‘Twist Your Dickens,’ ‘Elf’ at opposite ends of holiday fare

Shows are among theater productions marking the season in metro area


The past week led us to two of many local theatrical holiday celebrations — one for families and the other clearly for grownups—and the metro area theaters offer a range of holiday entertainments in both categories. Celebrate the talented local actors’ community who bring us laughs — and matters to think about — through the year … enjoy a performance this season!

Most readers have probably seen the 2003 movie, “Elf,” at some point in past years, but this musical (through Dec. 23 at the Arvada Center) delivers the story in song and dance — we were especially taken with the bunch of dancing, singing elves in Act 1 — with some sympathetic twinges!

The story about restoring a spirit of Christmas among gloomy New Yorkers starts with a baby who accidentally slips into Santa’s sack during one of his stops and ends up back at the North Pole — to be raised by Santa’s elves. Buddy the elf is played by tall, lean Josh Houghton at the Arvada Center, an actor with a strong voice and the elf’s wide-eyed innocence as he meets NYC.

Santa (Colin Alexander) suggests that, as a human, rather than an elf, Buddy might want to look for his actual father, Walter Hobbs, who publishes children’s books — especially Christmas books — and has an office in the Empire State Building. Therein lies a tale ... Father Hobbs is a modern-day Scrooge type, who certainly doesn’t have room for an elf in his world — which naive Buddy wanders into. Sharon Kay White, an Arvada favorite, rules the office — and the stage at points — as Hobbs’ secretary, Deb. Here, and throughout, production song and dance numbers break out — as they should in a proper musical. Choreography is by Kitty Skillman Hilsabeck and musical direction by newcomer Christopher Baggage. The score by Matthew Sklar, is pleasant, bringing in suggestions of snow and sleigh bells, but not memorable. “Sparklejollytwinlejingley” is fun! Scenic design, by Laura K. Love made great use of projections throughout, with a few bits of furniture and such otherwise.

Kids in the audience shouted advice to the cast at several spots during the performance, which suggested they were certainly engaged. This musical is a good theater introduction for the short set — perhaps at grade three or four and up — and of course, adults will catch some bits that little ones don’t, but I really love the idea that they will think of holiday celebrations that include a story told on the stage.

Hobbs’ wife and young son, Michael, connect with Buddy and take him home with them. (His elf training comes in handy as he repairs a new toy.) He also connects with somewhat jaded Jovie, an office worker, and is awkward at romancing a girlfriend — he does the charming/awkward bit well.

Director Gavin Mayer returns to the Arvada Center from his current spot as director of musical theatre at the University of Nevada in Reno. He has helmed a number of holiday musicals at Arvada in past years.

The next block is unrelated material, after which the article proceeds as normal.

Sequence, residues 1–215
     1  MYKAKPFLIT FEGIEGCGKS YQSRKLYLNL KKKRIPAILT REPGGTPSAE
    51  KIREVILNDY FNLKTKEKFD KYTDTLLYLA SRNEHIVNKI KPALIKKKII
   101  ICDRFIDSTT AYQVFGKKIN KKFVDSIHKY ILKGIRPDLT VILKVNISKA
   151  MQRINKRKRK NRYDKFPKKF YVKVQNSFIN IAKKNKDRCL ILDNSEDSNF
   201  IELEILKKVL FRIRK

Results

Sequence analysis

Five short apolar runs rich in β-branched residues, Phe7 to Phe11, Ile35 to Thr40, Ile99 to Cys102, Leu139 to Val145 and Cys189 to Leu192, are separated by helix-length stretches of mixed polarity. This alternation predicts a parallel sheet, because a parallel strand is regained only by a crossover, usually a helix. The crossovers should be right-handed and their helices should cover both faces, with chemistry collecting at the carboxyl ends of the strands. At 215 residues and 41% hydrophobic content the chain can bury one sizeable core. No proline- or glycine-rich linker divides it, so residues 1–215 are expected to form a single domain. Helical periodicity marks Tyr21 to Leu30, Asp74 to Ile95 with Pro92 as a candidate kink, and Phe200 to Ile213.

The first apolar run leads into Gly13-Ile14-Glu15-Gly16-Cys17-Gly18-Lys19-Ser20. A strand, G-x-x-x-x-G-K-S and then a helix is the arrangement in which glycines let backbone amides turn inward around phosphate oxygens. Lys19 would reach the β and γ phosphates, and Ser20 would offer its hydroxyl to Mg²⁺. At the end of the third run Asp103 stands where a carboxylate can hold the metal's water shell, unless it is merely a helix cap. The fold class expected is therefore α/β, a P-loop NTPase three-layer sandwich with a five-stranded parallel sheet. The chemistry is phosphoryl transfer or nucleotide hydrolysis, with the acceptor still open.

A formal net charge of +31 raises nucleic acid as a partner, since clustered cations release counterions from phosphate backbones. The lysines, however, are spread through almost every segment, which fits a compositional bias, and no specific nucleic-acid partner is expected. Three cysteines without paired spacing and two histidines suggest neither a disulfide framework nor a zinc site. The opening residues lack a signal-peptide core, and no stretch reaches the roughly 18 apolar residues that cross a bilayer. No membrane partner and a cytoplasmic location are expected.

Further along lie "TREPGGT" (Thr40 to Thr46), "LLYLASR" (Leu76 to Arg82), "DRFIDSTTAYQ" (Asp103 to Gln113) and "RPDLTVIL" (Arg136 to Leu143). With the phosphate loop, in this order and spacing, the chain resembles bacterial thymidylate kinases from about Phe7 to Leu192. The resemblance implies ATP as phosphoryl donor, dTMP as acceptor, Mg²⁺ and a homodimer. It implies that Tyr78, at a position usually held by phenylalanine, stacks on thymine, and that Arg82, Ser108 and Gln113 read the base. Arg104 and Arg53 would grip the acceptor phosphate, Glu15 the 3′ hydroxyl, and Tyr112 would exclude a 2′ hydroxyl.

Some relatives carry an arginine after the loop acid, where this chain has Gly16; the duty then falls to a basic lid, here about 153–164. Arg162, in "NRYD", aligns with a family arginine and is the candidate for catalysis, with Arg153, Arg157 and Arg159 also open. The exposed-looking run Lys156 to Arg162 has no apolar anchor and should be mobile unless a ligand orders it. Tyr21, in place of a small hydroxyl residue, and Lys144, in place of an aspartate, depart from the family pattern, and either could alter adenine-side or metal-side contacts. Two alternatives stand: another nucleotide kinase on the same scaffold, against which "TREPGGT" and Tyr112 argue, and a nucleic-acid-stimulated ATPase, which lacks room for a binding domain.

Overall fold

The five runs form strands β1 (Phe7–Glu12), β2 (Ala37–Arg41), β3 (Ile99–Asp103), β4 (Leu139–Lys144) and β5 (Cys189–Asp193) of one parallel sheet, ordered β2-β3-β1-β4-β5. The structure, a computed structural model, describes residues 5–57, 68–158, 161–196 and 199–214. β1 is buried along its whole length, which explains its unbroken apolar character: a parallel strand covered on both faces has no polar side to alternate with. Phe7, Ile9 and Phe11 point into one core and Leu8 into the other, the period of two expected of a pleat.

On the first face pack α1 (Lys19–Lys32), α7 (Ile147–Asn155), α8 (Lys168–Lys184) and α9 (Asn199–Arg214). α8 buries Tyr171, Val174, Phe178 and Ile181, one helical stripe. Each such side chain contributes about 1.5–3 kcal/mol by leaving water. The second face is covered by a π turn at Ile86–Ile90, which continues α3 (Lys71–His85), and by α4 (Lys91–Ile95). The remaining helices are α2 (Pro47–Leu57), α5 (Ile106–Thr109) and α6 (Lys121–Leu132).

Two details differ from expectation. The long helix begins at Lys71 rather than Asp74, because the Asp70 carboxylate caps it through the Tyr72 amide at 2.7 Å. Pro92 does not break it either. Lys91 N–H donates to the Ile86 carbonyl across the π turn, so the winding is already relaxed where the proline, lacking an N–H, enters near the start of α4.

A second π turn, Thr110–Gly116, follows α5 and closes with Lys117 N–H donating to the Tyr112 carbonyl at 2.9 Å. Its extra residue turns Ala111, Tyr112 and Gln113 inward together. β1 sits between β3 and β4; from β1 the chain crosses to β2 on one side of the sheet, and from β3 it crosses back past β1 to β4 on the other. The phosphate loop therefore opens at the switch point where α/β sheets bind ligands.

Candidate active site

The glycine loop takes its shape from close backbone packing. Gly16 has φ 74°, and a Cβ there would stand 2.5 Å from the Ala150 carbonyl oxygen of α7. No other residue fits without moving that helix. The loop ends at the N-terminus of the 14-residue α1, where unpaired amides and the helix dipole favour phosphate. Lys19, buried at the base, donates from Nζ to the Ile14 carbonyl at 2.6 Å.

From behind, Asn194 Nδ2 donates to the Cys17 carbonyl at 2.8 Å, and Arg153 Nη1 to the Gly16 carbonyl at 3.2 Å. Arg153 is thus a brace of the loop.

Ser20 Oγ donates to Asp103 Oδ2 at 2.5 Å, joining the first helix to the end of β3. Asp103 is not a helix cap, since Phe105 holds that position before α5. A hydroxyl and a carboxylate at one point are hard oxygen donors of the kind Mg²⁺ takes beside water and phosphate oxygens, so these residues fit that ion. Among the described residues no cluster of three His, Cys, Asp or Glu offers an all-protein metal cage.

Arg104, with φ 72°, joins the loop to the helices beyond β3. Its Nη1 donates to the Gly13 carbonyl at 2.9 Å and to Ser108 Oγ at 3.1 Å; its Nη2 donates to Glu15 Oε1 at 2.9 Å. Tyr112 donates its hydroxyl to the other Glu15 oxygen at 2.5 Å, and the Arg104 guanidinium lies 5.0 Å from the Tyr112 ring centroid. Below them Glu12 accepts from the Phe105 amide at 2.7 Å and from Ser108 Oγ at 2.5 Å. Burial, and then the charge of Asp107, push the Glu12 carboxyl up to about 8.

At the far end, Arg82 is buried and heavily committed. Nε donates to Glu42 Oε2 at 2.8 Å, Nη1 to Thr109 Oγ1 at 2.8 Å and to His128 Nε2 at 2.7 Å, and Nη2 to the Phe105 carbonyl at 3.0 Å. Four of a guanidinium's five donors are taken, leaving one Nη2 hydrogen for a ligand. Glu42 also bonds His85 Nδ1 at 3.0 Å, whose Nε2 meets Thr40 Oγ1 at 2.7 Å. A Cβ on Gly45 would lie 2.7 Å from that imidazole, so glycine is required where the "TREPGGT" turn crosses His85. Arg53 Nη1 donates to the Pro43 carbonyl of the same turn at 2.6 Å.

• “Twist Your Dickens” at the Aurora Fox brings in a script by Second City writers — and former “Colbert Report” writers — Peter Gwinn and Bobby Mort, who direct their imaginations to a retelling of Dickens’ “Christmas Carol” that is funny and fresh — and requiring really experienced comic actors to pull it off. New Fox executive director Helen Murray invited Washington, D.C., director Matthew R. Wilson, a comedy specialist, to helm this spoof, set in 1843, we are told. The spoof brings in solid Denver area actor Eric Sandvold as Scrooge — fun to see him take on some silly stuff in his first Fox appearance. And he does it really well — from the first “Humbug!” (“Here it Comes!”)

I think many people don’t realize what precision timing and expert delivery is required to pull off successful comedy. Sean Michael Cummings plays Scrooge’s mistreated clerk — and assorted other parts — while Ilasiea Gray is Mrs. Cratchit. Petit Jessica Austgen plays Tiny Tim (“please just call me Tim”) as well as a number of other characters.

A shouting Seth Palmer Harris comes up from the audience early in the first act with opinions about everything that’s happening — and flows smoothly into the cast, playing any number of Dickens characters — Fezziwig, Scrooge’s nephew, and of course, those ghosts … who are a trip!

Then there’s Charlie Schmidt with spot-on Jimmy Stewart/George Bailey snippets every so often and there are ongoing Denver area references worked in, as well as a bit of Charlie Brown’s Christmas … with appropriate costumes. Incidents from the book happen as the Cratchits wait for Christmas dinner in their corner

With audience interaction involved, I’m guessing this show will be different every night — just leave any preconceptions about how it should proceed at the front door and relax as you watch accomplished actors at play!

This one is not for the kids, but parents and grandparents should have fun.


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